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Aliya S. King/The Root

I was raised by two civil rights activists, one of whom was born in the ’30s in the Deep South, the other raised in Newark, N.J. It goes without saying that the very idea of “talking back” was unheard of in my household. We couldn’t even look back, much less talk back. So why does my 8-year-old think it’s OK to talk back to me? How did I let this happen?

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“Emmy, it’s time for bed.”

“But I don’t want to go to bed.”

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“Don’t talk back to me.”

“Why not?”

“Because I said so.”

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“That’s not a reason.”

“You need to go to bed because you need your rest and you have a big day at school tomorrow.”

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“See, that’s a reason.”

For most in my generation, the above exchange would have been much shorter: “It’s time for bed.” End scene.

My husband and I instilled in Emmy the importance of asking questions early on. She was encouraged to question anything if she felt that she had a plausible reason. But that kind of teaching is hard to rein in. So now I have an 8-year-old who questions everything, from how I style her hair to why I don’t allow her to eat candy. Everything is “why, why, why.” And “because I said so” doesn’t end the conversation.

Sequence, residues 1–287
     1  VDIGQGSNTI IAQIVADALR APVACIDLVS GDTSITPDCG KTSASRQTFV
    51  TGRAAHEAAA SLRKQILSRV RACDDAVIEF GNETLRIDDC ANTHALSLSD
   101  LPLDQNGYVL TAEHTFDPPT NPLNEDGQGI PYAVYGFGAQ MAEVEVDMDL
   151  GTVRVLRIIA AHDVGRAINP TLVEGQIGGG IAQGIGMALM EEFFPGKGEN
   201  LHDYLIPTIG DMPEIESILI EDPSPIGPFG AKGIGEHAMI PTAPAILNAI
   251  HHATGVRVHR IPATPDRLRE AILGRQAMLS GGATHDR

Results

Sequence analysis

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As much as it annoys me at certain times when Emmy hits me with a “but why,” I wouldn’t have it any other way. Earlier generations feared their parents. In our community, most believe that a healthy dose of fear is the hallmark of good parenting. But where do we get this idea that our children need to fear us? Why shouldn’t they look us in the eye and ask us directly why they can’t have a certain toy or a scoop of ice cream?

I’ll be honest: Most of the time when I tell Emmy “because I said so,” it’s because I’m too tired, hungry or otherwise distracted to give her more than that. But that’s my issue, not hers. I believe that Emmy deserves a concrete answer—with reasons. It’s the same thing I want from her.

I want to model the behavior I expect from Emmy, so I do indulge her “but whys.” And it often takes the edge off a situation that could escalate into my yelling at her in frustration. “Because I said so” can easily crescendo into “BECAUSE I SAID SO!”

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In this age, it’s important that our children grow up learning to question everything: Is this person right for me? Is this professor knowledgeable? Is this doctor the best in this field? Does this loan have the best rates? Is this the right college for me?

I want Emmy to question everything and have a healthy dose of cynicism about her environment. I want her to be able to look anyone in the eye and ask pointed questions if it’s in her best interest. I want her to be curious about her world. And the only way to foster that is to encourage her to question everything around her. If that means I get questioned, too, so be it. I’ve learned how to quickly and succinctly explain why bedtime is essential, how candy rots your teeth and why you can’t have every toy you want—and I don’t ever have to use the old, reliable “because I said so.”

Aliya S. King, a native of East Orange, N.J., is the author of two novels and three nonfiction books, including the New York Times best-seller Keep the Faith, written with recording artist Faith Evans. She lives with her husband and two daughters in New Jersey. Find her on Twitter and at aliyasking.com